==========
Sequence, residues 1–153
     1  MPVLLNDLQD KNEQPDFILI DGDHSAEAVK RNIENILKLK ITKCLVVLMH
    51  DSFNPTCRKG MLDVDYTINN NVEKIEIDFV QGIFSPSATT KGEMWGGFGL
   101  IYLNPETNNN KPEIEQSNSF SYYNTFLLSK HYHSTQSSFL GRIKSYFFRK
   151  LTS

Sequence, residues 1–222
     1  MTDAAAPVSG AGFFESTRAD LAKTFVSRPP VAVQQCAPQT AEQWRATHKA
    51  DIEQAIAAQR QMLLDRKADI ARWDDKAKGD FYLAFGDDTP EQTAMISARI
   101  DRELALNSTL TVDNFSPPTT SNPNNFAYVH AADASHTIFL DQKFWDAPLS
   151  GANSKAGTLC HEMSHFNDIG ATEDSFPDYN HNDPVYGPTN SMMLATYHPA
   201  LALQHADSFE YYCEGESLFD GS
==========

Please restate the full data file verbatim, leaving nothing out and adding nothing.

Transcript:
Sequence, residues 1–153
     1  MPVLLNDLQD KNEQPDFILI DGDHSAEAVK RNIENILKLK ITKCLVVLMH
    51  DSFNPTCRKG MLDVDYTINN NVEKIEIDFV QGIFSPSATT KGEMWGGFGL
   101  IYLNPETNNN KPEIEQSNSF SYYNTFLLSK HYHSTQSSFL GRIKSYFFRK
   151  LTS

Sequence, residues 1–222
     1  MTDAAAPVSG AGFFESTRAD LAKTFVSRPP VAVQQCAPQT AEQWRATHKA
    51  DIEQAIAAQR QMLLDRKADI ARWDDKAKGD FYLAFGDDTP EQTAMISARI
   101  DRELALNSTL TVDNFSPPTT SNPNNFAYVH AADASHTIFL DQKFWDAPLS
   151  GANSKAGTLC HEMSHFNDIG ATEDSFPDYN HNDPVYGPTN SMMLATYHPA
   201  LALQHADSFE YYCEGESLFD GS